Measles is an infectious disease that begins in your respiratory system, caused by the Measles morbillivirus virus. Even though the infection is not considered fatal, measles has caused many deaths worldwide. According to the World Health Organization, there were around 110,000 deaths due to measles in 2017 alone. In recent years, cases have also been increasing in the United States.
It is important to note that vaccination is readily available for it. However, some people cannot receive the vaccine due to health complications such as a weakened immune system. As per the WHO statistics for 2018, of the 140,000 people who died due to measles, most were children under the age of five.
This viral disease can even lead to life-threatening complications if not dealt with effectively. Symptoms often appear within seven to fourteen days after exposure, but according to the World Health Organization, they may take up to 23 days.
Some of the measles symptoms include:
- Up to 104 degrees Fahrenheit fever
- A runny nose
- Body aches
- Watery eyes
- White spots inside your mouth
- A red rash (appears after 3-5 days of symptoms)
Starting from the hairline, the rash usually spreads down your body. It begins in the form of red, flat spots and goes on to become small bumps. The spots are also likely to merge once they start spreading.
What Are the Complications?
Some complications that arise due to measles can be severe. They include:
- Loss of vision
- Severe dehydration and diarrhea
- Encephalitis ( a brain swelling infection)
- Respiratory infections such as pneumonia
Complications can get even worse during pregnancy, such as:
- Low birth weight
- Early delivery
- Even miscarriage or loss of pregnancy
The following people may be at high risk:
- Pregnant women
- Adults above 20 years of age
- People with a weak immune system
- Very young children
How Do Measles Symptoms Develop?
The virus usually enters your body through the nose, eyes, or mouth and enters your lungs to infect immune cells. As soon as these cells move close to lymph nodes, the virus quickly transfers to other cells. That’s how they travel through the body and release virus particles into your blood.
Since the blood travels around your body, it carries the virus to your organs such as the liver, central nervous system, spleen, and skin. Once it enters your skin, the virus can cause inflammation in your capillaries, giving rise to rashes.
However, if the measles virus enters your lungs, it can easily transmit to other people. The infection also spreads through:
- Touching an infected surface
- Being around an infected person, especially if they’re sneezing or coughing
- Having physical contact with an infected person
The virus has the potential to stay active for about two hours in the air.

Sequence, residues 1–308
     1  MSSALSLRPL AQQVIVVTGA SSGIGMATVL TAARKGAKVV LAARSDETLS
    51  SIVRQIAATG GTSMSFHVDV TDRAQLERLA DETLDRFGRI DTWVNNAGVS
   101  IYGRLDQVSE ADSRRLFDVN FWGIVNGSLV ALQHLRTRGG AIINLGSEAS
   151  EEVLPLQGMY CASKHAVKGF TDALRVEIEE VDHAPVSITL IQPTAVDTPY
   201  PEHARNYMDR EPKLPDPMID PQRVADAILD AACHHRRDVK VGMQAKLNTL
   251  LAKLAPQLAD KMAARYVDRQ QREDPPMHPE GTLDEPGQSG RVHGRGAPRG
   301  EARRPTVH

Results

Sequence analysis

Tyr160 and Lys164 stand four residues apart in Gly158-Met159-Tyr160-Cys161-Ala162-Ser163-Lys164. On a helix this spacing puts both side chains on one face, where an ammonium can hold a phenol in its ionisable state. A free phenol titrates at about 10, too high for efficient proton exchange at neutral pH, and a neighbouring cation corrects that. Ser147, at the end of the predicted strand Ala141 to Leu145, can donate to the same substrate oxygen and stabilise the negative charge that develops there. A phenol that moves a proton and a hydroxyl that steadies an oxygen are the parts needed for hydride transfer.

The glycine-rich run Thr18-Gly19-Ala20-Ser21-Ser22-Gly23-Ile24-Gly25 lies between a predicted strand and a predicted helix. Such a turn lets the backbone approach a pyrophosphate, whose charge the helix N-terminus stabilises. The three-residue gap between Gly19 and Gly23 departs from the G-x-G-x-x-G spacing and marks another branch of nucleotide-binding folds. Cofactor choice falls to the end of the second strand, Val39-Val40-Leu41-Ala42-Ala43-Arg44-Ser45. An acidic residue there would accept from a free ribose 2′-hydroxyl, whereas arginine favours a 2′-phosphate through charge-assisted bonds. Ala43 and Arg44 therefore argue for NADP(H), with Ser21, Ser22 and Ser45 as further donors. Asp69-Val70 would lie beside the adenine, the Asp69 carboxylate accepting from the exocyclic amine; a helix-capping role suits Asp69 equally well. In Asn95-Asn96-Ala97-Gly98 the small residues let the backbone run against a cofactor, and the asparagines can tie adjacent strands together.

As of now, there is no specific course of treatment for the virus because it’s not sensitive to antibiotics. It can, however, disappear in around three weeks. There are some ways to lessen the measles symptoms once you have been exposed to them, such as:
Getting a measles vaccine within 72 hours of exposure
Getting a dose of immune proteins within six days of exposure
There are also some other ways that your doctor may recommend for recovery, such as:
Consuming plenty of fluids
Boosting your immune system by resting
Taking Vitamin A supplements
Ibuprofen or acetaminophen to bring down your fever
When Should You See a Doctor
It is recommended to visit a doctor if
You have any of the aforementioned symptoms
Your fever rises above 100.4 degrees Fahrenheit
You have breathing difficulties or chest pain
There’s cough in your blood
You feel drowsy
You experience a convulsion
Even though a doctor can diagnose measles just by examining the signs and symptoms, they may ask you to go for a blood test for confirmation.
How Can You Prevent Measles
It is by far the best and the most effective way to prevent measles. The two most common vaccines are the MMR and the MMRV.
The MMR vaccine protects you from measles, rubella, and mumps. The MMRV vaccine, on the other hand, protects against measles, rubella, mumps as well as chickenpox.
Children are eligible to receive once they are 12 months old. Some groups that should avoid vaccination are:
People who are immuno-compromised, such as those with HIV or AIDS, those getting chemotherapy
People who previously had a life-threatening reaction to the vaccine
What Are the Side Effects of Vaccination?
Vaccination is not only a way to protect you and your family but also those who cannot be vaccinated. Any disease is less likely to circulate in a population when most individuals are vaccinated. The concept is also known as herd immunity.